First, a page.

Many more people may be forced to self-isolate as part of efforts to stop the coronavirus spreading in Britain, the head of NHS England has warned.
Sir Simon Stevens said more than 80 people discharged from quarantine on Thursday set an “important example”.
Meanwhile, officials are tracing the contacts of the ninth person in the UK to test positive for the virus.
The woman went to hospital in an Uber, but Public Health England said the driver is not at “high risk”.
The new case – announced on Wednesday evening – is the first to be identified in London after she contracted the virus in China.
She “self-presented” at the A&E department of University Hospital Lewisham on Sunday 9 February, hospital chief executive Ben Travis said.
She arrived in an Uber, but Public Health England said the driver is “not considered high risk” because the journey was less than 15 minutes and there was not “close sustained contact”.
Uber said it had temporarily suspended the driver’s account “out of an abundance of caution”. Asked if it would be compensating the driver for lost income, the company said: “We will be providing support to this driver.”
Mr Travis said the patient was immediately given a mask and escorted to be tested in a dedicated area outside the A&E building. After that, she was assessed further in an isolation room in the emergency department.
“In line with our protocols, throughout their care, the patient was escorted and did not come into contact with other patients,” he said. She was later discharged and taken home by ambulance.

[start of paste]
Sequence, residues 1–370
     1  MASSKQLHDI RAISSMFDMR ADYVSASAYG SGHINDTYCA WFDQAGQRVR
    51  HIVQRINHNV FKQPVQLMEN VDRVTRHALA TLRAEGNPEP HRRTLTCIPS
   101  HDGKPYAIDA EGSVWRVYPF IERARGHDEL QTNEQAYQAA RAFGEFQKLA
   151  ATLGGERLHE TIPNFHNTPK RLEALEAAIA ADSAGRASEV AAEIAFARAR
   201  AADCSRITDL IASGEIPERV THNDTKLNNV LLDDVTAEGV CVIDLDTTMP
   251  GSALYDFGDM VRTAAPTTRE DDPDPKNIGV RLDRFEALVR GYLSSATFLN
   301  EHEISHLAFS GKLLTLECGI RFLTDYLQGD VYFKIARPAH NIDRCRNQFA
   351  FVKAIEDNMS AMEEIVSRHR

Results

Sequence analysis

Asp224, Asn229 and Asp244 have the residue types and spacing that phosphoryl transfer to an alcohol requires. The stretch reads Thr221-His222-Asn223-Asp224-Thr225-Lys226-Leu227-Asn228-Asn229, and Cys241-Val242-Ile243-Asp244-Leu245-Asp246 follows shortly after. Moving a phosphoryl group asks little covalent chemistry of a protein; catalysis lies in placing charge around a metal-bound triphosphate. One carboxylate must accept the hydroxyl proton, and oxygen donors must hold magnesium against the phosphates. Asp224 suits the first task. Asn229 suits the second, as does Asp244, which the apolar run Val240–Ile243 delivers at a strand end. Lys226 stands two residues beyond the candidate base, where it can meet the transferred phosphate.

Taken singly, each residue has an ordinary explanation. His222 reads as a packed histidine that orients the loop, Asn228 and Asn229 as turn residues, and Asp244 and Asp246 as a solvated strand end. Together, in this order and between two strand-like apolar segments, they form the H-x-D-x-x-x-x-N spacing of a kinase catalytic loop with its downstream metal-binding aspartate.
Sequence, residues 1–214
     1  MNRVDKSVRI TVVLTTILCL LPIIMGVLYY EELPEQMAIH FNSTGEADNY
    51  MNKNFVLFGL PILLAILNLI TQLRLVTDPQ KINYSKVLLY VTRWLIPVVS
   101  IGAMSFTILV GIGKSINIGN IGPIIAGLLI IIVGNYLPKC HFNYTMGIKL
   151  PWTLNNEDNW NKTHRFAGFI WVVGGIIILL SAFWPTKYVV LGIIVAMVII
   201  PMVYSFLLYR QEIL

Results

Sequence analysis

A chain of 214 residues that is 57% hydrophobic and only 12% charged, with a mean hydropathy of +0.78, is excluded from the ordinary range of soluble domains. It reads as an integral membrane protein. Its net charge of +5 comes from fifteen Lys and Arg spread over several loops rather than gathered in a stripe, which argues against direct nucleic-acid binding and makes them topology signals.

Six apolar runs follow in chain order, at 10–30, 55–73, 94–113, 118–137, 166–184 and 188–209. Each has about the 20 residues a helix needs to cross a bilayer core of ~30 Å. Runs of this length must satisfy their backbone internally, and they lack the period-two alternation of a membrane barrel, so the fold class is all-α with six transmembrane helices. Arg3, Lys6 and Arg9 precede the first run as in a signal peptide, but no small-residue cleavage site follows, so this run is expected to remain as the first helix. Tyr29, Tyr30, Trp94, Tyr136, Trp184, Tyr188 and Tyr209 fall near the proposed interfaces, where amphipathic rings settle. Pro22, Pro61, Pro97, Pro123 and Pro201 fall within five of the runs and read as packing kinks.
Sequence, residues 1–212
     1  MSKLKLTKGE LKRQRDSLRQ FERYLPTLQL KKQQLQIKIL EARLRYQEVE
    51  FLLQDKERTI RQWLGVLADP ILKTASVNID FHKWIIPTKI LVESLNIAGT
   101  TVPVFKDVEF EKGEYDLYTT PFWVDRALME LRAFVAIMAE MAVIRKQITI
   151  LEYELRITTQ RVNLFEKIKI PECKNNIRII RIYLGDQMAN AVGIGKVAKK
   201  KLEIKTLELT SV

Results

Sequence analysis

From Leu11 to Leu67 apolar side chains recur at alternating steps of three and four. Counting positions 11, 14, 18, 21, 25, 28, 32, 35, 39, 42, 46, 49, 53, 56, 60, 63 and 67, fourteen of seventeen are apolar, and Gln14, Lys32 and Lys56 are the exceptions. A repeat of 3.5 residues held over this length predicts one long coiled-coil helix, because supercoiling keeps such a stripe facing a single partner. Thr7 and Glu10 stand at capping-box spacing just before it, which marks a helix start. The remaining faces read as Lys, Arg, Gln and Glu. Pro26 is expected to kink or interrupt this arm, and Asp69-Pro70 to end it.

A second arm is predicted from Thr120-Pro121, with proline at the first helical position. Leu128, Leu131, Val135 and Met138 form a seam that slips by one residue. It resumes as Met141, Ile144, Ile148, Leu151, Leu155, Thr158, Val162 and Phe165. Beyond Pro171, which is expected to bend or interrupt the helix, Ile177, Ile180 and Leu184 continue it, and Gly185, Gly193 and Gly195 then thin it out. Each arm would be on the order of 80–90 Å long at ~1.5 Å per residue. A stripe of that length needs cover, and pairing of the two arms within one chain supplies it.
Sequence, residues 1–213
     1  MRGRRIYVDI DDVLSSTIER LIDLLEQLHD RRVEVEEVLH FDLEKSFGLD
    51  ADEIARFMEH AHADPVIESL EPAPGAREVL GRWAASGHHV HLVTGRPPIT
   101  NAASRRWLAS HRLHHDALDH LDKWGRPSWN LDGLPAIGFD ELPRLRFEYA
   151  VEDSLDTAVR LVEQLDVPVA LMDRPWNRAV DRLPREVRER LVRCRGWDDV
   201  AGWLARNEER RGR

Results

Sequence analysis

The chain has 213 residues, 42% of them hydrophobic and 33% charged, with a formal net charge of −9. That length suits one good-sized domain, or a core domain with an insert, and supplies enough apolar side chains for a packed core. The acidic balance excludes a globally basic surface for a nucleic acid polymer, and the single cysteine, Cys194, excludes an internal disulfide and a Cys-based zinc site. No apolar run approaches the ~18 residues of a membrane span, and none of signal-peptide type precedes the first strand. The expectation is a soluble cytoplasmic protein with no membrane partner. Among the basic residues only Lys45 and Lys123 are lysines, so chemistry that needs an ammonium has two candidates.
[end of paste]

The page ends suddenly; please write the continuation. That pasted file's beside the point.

All staff who had contact with the patient have been contacted, and two are undergoing “active surveillance” at home for 14 days on the advice of Public Health England, Mr Travis said.
On Wednesday, the test came back positive and she was taken for treatment at a specialist unit at St Thomas’ Hospital that evening.
In other developments:
- Tests for the virus have been carried out on 2,521 people in the UK as of 14:00 GMT on Thursday – an increase of 763 from Wednesday – with all but nine being negative
- Heavy machinery manufacturer JCB cut the hours of 4,000 company and agency shop floor staff because of a shortage of components from China
- The Church of England has recommended that parishioners with coughs and sneezes are encouraged to receive only the bread and not to share the wine at Holy Communion. The Catholic Church has said there is no need for special measures